Great al­bums, the rise of women and the loss of vi­sion­ar­ies marked out 2018

The Irish Times - Friday - The Ticket - - YEAR IN REVIEW | MUSIC - SIOB­HÁN LONG

The year got off to a fly­ing start with Na Píobairí Uil­leann’s con­cert, The Sound of Ire­land, in the Abbey Theatre. A cel­e­bra­tion of Un­esco’s in­clu­sion of uil­leann pip­ing on its Rep­re­sen­ta­tive List of In­tan­gi­ble Cul­tural Her­itage of Hu­man­ity. Not only was it a mighty gath­er­ing of the great and the good, from Jimmy O’Brien Mo­ran and Seán McKeon to Paddy Glackin and Noel Hill, but the stage was ig­nited by a plethora of emerg­ing pipers, many of them fe­male and some of them still at school. Fi­nally, an in­stru­ment long associated with male play­ers is bridg­ing that gen­der di­vide, aided in no small mea­sure by the ground­break­ing mu­si­cian­ship of pipers Emer May­ock and Louise Mulc­ahy.

We were spoiled by ex­cep­tional al­bums dur­ing the year, par­tic­u­larly from fid­dle play­ers Gerry O’Con­nor and Sea­mus Maguire; flute player John Lee; Manus McGuire; and Zoë Con­way in the com­pany of her three cur­rent col­lab­o­ra­tors, Scots singer and whis­tle player Julie Fowlis, bouzouki and fid­dle player Éa­mon Door­ley and gui­tarist John McIn­tyre.

If there’s one thing that char­ac­terised 2018 it was the ease with which mu­si­cians ex­plored new hori­zons, grounded by the firm foun­da­tions of the tra­di­tion. Un­sur­pris­ingly, Martin Hayes was in the van­guard, Mag­el­lan-like, with his epony­mous quar­tet.

Mean­while, Slow Mov­ing Clouds were min­ing the nether re­gions where Nordic and Ir­ish mu­sic might find a shared pur­pose. The trio’s per­for­mance in Whe­lan’s in cel­e­bra­tion of their new al­bum, Star­fall, was a quirky, un­pre­dictable joy: cel­list Kevin Mur­phy find­ing his voice in the belly of a newly minted lan­guage that led the trio’s tunes on nykel­harpa, fid­dle and cello on a merry dance ever sky­wards. The band’s col­lab­o­ra­tion with Michael Kee­gan-Dolan’s theatre pro­duc­tion of Swan Lake: Loch na hEala evolved into an even more ro­bust shape dur­ing a year that saw them tour and per­form with the ac­tors on stage: the mu­sic of­fer­ing a per­fect foil for what be­came a whirling dervish of a pro­duc­tion.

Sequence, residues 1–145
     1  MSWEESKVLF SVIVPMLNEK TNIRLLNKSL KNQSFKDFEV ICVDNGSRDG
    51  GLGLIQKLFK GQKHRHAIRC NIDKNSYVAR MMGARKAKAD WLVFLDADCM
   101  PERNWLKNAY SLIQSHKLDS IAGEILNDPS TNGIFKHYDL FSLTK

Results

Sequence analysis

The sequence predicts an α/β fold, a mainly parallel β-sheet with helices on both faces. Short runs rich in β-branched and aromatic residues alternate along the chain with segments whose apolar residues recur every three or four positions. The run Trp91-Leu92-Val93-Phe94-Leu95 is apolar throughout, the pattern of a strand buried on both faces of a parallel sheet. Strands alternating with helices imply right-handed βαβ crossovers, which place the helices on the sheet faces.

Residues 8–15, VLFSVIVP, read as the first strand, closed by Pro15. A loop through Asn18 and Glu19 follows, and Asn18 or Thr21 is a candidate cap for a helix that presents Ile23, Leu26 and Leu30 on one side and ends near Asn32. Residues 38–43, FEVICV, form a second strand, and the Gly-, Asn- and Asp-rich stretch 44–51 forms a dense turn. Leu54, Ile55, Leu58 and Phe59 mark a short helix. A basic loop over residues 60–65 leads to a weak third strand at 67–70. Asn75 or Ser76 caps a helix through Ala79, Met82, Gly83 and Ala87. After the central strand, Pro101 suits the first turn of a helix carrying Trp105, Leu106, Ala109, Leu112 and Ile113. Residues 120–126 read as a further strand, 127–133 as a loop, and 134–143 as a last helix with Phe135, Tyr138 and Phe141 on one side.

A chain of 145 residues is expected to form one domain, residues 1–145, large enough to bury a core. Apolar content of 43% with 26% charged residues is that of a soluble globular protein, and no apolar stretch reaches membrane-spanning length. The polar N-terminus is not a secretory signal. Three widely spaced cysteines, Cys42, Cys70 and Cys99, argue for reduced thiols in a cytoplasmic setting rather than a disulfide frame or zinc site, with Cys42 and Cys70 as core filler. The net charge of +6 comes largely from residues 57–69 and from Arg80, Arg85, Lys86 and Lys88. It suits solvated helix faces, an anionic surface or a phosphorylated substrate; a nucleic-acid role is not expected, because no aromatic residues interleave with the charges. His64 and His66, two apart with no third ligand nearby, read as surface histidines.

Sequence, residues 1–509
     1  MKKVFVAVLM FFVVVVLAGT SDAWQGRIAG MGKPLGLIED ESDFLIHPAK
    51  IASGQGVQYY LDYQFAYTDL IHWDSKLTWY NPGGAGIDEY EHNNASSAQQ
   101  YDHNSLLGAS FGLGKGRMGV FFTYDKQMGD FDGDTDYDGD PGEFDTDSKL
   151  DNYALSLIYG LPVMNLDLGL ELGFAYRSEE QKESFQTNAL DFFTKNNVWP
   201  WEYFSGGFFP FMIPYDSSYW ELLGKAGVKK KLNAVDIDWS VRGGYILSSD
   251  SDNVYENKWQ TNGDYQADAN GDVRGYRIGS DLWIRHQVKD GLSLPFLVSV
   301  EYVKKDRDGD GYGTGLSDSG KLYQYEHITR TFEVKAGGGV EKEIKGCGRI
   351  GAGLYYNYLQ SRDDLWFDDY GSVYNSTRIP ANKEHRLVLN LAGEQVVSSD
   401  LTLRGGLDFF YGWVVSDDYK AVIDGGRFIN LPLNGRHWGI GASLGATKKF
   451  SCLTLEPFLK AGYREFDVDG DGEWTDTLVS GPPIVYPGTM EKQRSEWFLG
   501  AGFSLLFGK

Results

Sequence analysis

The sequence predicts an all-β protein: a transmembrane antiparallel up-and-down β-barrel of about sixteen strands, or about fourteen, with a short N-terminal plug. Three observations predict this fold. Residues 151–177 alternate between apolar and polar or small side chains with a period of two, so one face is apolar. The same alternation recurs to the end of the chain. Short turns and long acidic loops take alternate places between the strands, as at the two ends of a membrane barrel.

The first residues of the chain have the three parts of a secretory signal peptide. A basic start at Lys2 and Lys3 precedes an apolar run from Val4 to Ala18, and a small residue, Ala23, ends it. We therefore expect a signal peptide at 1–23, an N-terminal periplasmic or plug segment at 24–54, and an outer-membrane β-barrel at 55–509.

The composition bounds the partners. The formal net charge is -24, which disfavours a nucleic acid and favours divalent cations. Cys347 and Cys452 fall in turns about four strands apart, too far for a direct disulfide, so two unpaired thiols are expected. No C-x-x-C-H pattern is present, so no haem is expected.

But per­haps the most dra­matic de­vel­op­ment of the year came not di­rectly from the mu­sic but from the fe­male mu­si­cians who have ex­pe­ri­enced marginal­i­sa­tion in ses­sions, on the road and on stages for decades. Fair Plé, an ini­tia­tive that seeks gen­der equal­ity in Ir­ish tra­di­tional and folk mu­sic, came hot on the heels of the #MeToo move­ment, and Wak­ing The Fem­i­nists. Aris­ing out of a spon­ta­neous call to ac­tion by singer Karan Casey, Fair Plé isn’t about beat­ing up on men and male mu­si­cians. As singer, Pauline Scan­lan of­fered in an in­ter­view last April, “this isn’t about a turf war. It’s just about tak­ing a big, deep breath and mov­ing for­ward to­gether.”

At Fair Plé’s first Ris­ing Tides fes­ti­val in Lib­erty Hall last Septem­ber, the chal­lenge women face, not just in Ir­ish tra­di­tional mu­sic but in gen­eral, was sum­marised by Peter Cos­grove, founder of Fu­ture of Work at CPL, who la­con­i­cally noted that men are the ben­e­fi­cia­ries of the great­est af­fir­ma­tive ac­tion in the history of western civil­i­sa­tion: it’s called “the history of western civil­i­sa­tion”. This gath­er­ing of women – and men – promised pre­cious few stock an­swers, but in­stead ig­nited a con­ver­sa­tion that found fur­ther deep pur­chase on the stage of the Na­tional Con­cert Hall on the Oc­to­ber bank

hol­i­day week­end dur­ing its Tra­di­tion Now con­cert series. There, a raft of Ir­ish women shared a stage with Pales­tinian singer Reem Ke­lani, and it was there that fur­ther en­er­gies were fu­elled for the long road ahead.

Women fea­tured strongly too in the in­au­gu­ral Ra­dio 1 Ir­ish Folk Awards, when Lankum were among the re­cip­i­ents of lau­rels that recognised their sin­gu­lar tal­ents and ro­bust con­tri­bu­tions to the canon. The awards struck a wel­come chord, chart­ing the emer­gence of di­verse mu­si­cians with their eyes set on wide hori­zons. From the cul­tur­ally rich ta­pes­try of Ir­ish-Per­sian en­sem­ble Navá to the vis­ceral blitzkrieg that was Daoirí Farrell’s per­for­mance, not to men­tion the al­most school­boy de­light of Andy Irvine when he ac­cepted his life­time achieve­ment award, this was a night to re­mem­ber.

In a year that sadly also saw the un­timely pass­ing of vi­sion­ar­ies, par­tic­u­larly Liam Ó Floinn, Tommy Peo­ples and Micheál Ó Suil­leab­háin, as well as Alec Finn and Thom Moore, we were re­minded all too of­ten of the pi­caresque jour­ney the mu­sic has taken, with th­ese re­mark­able mu­si­cians and com­posers help­ing to steer its course with their col­lec­tive gaze set firmly on a hori­zon that’s been both wel­com­ing and wide. A fit­ting legacy, and a map that still con­tains many un­charted wa­ters.

Pauline Scan­lan: ‘tak­ing a big, deep breath and mov­ing for­ward to­gether’.

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